The planet Marscrimson and bright, filling our telescopes with vague intimations of almost-familiar landformshas long formed a celestial tabula rasa on which we have inscribed our planetological theories, utopian fantasies, and fears of alien invasion or ecological ruin. In the past few years we have been begun inscribing something new in the sands of Mars: tire tracks. Two recent books come at the planet from very different perspectives. In Roving Mars, Steve Squyres gives us a vivid, intimate travelogue of the spectacularly successful (and as of this writing, ongoing) mission of the Mars Exploration Rovers, for which he serves as principal investigator. Robert Markleys Dying Planet takes a more distant view of the human relationship with Mars. An English professor at the University of Illinois, Markley writes about Mars science as a knowledgeable outsider, weaving in cultural history and science fiction. Roving Mars is a page-turner. Squyress writing is clear, with folksy touches, including flashes of dry humor and brief but revealing vignettes illuminating the personalities of a number of the key players. Many books wax eloquent about planetary exploration. Squyres shows how it is actually done. Spirit and Opportunity may not be the best spacecraft names ever, but they do provide the perfect subtitle for this book. We learn just how much spirit, in the form of human ingenuity, perseverance, joy and tears, is distilled into those craft, and how for years opportunity knocked at Squyress door and then quickly ran off and left him, as proposals were rejected, missions were canceled, and NASAs Mars plans went through countless revisions. His perseverance seems quixotic at times, yet he never stopped answering the door, and when opportunity finally came knocking for real, Squyres was given a chance, with a ridiculously compressed schedule, to get two rovers built, tested and ready for launch in 34 months. He and his team understandably got attached to the rovers. You, too, will come to identify with the little mechanical puppies as you learn about their troubled gestation, hurried birth and solitary departures. I was initially surprised to find that 65 percent of the book takes place before the fi rst picture is returned from Mars. I came to appreciate this focus on the lesser-known early story. I already thought of Spirit and Opportunity as the "miracle rovers" for their great longevity. But I had no idea. Even though you know that ultimately nothing serious is going to go wrong before they get to Mars, the tale of tribulations is gripping. Working under intense time and budget pressure, the team wrestles with faulty parachutes, defective instruments, flubbed tests, mysterious short circuits, and design flaws discovered as the pages fl y off the calendar toward a launch window that could not be changed, because of the laws of celestial mechanics. I found myself wiping away tears as Squyres described the strange sadness finally evoked by the launch, as he realizes that however it all ends, they aint never coming back home. Roving Mars is often refreshingly candid. Describing a design error that got his teams camera rejected from an earlier mission, he confesses, "With one terrible, boneheaded mistake we had thrown away five years of work." He shares some of the less than exemplary behavior needed to win the game of big science: the artful formation of science teams put together, in part, to neutralize the competition, the changing of mission designs to win over potential reviewers, and the sometimes brutal necessity of competing ruthlessly against ones long-time friends and colleagues. He also writes revealingly about the tense battles pitting "the idealistic, impractical scientists against the stubborn, practical engineers." This disarming honesty is one of the aspects of the book I appreciate the most. What are they going to do now, take his mission away? Squyres can tell it like it is because he has succeeded. A very different perspective on the culture of science can be found in Dying Planet. This book is not a page-turner. The style is hyperacademic and wordy. As a scientist, I found Markleys approach, which examines science as a cultural enterprise and critically dissects our language, methods and beliefs, to be both enlightening and occasionally annoyingthe latter mostly when the language became opaque and the analysis long-winded. The amount of serious scrutiny devoted to mediocre (but fun) films like Total Recall overestimates their importance as barometers of societal views and attitudes about the human future on Mars. The book is also sprinkled with numerous small but irritating errors that would have been caught in a careful once-over by a planetary scientist. But if you can deal with occasional passages about bringing Mars "within the semiotics of historical and experiential time" and "the ways in which Mars exists as a complex multidisciplinary object," there are many historical, literary, political and cultural nuggetsin particular, a reanalysis of the lingering impact on planetary science of the Martian canal theory of Percival Lowell, a planetologist who early in the 20th century suggested that the lines visible on Mars were the engineering works of an advanced race struggling to irrigate their drying, dying world. Whereas previous writers have suggested that Lowells influence quickly waned after 1920, Markley argues that this standard account "underestimates the ways in which Lowells paradigm of a dying planet influenced scientific speculation about the composition of the Martian atmosphere, the character of its surface, and the nature of its putative life-forms." The idea of the canals, and of a relatively wet and clement Mars, persisted in scientific discourse up to, an even into, the Space Age. Markley shows that throughout the 20th century, reputable scientists held out hope for water and plant life on Mars even while spectroscopic evidence of temperature and atmospheric composition suggested otherwise. This history should give us pause today when we rejoice in the latest evidence for a possible bio-friendly Mars. More than a century after Lowells controversial observations, Mars remains the planet that lost its water and, probably, its capacity for life. It is now obvious that Mars cannot be flagrantly alive in the sense that Earth is. Today the question is, Can Mars be at least barely alive, with colonies holding out in underground lakes and hot springs? Possible signs of life continue to be the subject of debate and spur for further observations: 100 years ago it was the canals; 50 years ago, ephemeral hints of chlorophyll were seen and later discredited. Today we see traces of atmospheric methane that just might be the breath of underground survivors. Meanwhile the rocks, mute witnesses to the real Martian story, are beginning to talk under the patient scrutiny of the Mars Exploration Rovers. Markley might have a field day with some of the language in Roving Mars. Squyres seems obsessed with finding a "water story," even to the point of repeatedly implying that the success of each rovers mission hinges on finding concrete evidence of rocks formed in or altered by liquid water. Now of course, "following the water" is important for figuring out the natural history of Mars and whether it might have been more life-friendly in the past. But isnt a robot geologist, especially the first one on a new world, successful if it simply learns any story the rocks have to tell? It doesnt seem quite right to launch an investigation committed to finding a certain answer. Even less so when that answer, "Yes, there was water here, at some uncertain time and for some uncertain duration," basically confirms the paradigm that has been developing since 1971, as Mariner 9 and subsequent orbiters have provided images and global maps showing abundant evidence for flooding and channel formation. Ultimately the tremendous success of this mission goes much deeper than a simple verification of this widespread belief. Mars has myriad stories to tell. If water is what we seek, then thats what well find. It is obvious that Squyres knows all this, so why the dumbed-down rhetoric, where success is equated with proving a certain hypothesis? This is, in part, playing along with a certain line that NASA is using to package our current Mars exploration program. "Follow the Water" makes a fine slogan, and it does capture the essence of the questions of comparative planetology and habitability, both past and future, that form the core goals of our Mars program. Yet the actual motivations and strategies are never that simple. Given Squyress admirable candor in addressing other aspects of NASA politics, I was surprised to see him uncritically adopt what seems like a simplified motivational mantra when describing the success criteria for his complex, multifaceted mission. Maybe hes just haunted by Lowells ghost. Squyress book ends in September 2004, with Opportunity rooting among the sedimentary rock walls of Endurance crater, and Spirit steadfastly climbing up West Spur in the Columbia hills, where it has finally found some honest-to-goodness bedrock. I am hoping that next year there will be a paperback edition with the further exploits of the miracle rovers and their dogged, intelligent designers.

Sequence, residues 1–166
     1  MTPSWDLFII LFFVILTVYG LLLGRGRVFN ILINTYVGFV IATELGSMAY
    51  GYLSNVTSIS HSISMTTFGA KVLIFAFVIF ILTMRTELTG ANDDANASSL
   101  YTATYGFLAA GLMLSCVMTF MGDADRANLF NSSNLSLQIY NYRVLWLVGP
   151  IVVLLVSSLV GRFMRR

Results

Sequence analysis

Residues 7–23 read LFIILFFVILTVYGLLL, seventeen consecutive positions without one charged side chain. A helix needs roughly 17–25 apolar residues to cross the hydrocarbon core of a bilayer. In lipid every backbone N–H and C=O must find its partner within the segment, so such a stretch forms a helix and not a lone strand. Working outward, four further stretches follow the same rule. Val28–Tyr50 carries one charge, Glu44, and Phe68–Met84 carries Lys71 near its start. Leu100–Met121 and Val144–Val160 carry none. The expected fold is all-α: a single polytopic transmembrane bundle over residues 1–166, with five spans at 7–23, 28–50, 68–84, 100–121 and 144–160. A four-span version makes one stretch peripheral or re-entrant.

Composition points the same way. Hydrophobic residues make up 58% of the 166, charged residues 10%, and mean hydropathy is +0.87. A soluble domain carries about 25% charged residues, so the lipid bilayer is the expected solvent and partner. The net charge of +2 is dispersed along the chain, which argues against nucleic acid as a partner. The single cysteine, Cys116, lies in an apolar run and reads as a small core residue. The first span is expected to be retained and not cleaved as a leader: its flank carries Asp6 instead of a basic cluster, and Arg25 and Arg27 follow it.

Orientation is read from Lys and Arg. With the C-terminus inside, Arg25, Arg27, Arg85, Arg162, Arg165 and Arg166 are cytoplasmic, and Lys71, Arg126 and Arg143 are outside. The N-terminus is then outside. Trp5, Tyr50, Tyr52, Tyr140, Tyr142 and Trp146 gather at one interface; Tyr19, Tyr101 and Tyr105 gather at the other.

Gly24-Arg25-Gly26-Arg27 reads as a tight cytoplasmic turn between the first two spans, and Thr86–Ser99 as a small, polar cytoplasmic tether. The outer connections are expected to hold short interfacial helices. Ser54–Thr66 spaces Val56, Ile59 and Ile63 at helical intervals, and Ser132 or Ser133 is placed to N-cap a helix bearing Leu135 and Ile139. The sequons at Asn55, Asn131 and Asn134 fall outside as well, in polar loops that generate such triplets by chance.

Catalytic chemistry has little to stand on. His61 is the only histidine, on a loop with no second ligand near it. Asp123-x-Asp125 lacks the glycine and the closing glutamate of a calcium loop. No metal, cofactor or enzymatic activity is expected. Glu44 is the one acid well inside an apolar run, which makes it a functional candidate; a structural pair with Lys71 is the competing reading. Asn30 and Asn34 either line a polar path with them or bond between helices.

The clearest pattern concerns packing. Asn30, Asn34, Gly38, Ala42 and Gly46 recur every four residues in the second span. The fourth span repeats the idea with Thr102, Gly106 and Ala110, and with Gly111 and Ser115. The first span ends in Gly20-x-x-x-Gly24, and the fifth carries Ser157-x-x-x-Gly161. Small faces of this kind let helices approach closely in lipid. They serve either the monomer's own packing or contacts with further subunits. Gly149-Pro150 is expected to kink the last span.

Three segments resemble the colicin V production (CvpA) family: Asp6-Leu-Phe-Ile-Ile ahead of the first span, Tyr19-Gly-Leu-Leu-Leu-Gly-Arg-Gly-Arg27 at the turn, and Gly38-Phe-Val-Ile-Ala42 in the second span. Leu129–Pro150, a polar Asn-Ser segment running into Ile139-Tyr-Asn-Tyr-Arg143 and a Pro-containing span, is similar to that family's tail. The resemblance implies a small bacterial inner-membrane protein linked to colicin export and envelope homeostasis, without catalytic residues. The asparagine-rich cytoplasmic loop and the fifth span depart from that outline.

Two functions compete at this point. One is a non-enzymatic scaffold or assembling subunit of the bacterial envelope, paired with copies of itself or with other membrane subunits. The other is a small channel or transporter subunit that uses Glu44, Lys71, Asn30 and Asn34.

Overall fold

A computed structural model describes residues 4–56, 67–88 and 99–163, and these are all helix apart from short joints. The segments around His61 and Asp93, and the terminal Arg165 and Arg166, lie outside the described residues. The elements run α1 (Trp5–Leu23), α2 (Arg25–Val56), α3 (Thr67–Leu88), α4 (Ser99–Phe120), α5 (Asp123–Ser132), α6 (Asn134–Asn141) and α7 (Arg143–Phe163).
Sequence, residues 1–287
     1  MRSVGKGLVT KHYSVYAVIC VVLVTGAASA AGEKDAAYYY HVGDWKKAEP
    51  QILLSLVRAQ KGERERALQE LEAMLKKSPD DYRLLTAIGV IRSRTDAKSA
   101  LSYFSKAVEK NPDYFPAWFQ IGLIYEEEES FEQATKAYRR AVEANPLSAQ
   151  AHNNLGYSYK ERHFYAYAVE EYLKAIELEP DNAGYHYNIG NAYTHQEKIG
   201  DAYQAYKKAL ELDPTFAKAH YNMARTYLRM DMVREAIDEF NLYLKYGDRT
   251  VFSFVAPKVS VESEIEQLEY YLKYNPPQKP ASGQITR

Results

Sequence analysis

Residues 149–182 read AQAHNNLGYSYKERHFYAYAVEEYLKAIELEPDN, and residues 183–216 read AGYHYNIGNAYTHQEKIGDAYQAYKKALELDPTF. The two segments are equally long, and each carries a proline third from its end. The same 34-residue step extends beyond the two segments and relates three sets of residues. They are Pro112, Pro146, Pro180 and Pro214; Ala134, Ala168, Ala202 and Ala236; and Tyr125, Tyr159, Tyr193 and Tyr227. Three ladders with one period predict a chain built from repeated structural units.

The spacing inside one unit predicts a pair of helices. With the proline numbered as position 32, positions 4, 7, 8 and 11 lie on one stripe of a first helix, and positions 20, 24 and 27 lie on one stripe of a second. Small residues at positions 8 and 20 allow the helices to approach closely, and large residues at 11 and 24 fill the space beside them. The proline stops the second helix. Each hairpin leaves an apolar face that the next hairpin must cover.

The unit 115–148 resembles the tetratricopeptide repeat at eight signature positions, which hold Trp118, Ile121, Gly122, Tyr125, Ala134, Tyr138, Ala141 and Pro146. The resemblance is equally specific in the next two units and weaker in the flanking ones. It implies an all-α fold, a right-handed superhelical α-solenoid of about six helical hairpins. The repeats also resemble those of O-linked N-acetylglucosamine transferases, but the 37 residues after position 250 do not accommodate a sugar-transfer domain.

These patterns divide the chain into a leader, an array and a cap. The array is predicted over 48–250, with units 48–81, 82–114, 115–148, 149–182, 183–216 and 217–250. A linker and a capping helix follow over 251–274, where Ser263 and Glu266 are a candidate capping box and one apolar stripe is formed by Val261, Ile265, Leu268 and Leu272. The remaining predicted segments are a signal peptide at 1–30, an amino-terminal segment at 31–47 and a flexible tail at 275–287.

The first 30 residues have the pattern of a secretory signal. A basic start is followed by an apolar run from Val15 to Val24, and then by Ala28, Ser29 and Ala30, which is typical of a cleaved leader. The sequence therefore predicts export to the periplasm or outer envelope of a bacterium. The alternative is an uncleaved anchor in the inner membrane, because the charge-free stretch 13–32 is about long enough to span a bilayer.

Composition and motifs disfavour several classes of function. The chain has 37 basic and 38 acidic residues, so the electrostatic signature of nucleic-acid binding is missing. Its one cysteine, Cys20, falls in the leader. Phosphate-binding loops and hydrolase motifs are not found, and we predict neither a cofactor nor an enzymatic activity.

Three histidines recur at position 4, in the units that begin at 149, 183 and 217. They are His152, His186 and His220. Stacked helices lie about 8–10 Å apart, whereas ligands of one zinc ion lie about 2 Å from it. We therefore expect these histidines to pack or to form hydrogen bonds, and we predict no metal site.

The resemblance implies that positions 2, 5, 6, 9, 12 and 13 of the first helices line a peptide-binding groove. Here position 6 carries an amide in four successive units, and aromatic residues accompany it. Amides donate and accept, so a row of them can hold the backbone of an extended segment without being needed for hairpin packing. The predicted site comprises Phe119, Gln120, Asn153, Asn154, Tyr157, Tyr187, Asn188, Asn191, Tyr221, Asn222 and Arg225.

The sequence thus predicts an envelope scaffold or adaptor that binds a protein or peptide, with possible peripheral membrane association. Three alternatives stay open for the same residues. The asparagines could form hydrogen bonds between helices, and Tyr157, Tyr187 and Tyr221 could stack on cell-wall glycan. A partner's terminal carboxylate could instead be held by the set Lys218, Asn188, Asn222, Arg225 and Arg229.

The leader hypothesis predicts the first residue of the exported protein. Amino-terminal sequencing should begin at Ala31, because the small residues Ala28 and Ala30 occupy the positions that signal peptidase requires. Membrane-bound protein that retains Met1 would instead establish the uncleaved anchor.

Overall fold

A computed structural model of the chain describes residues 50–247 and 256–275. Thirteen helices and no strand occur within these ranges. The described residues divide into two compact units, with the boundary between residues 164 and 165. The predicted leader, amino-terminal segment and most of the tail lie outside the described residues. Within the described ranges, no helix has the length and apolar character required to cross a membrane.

David Grinspoon is curator of astrobiology at the Denver Museum of Nature and Science and author of Lonely Planets: The Natural Philosophy of Alien Life.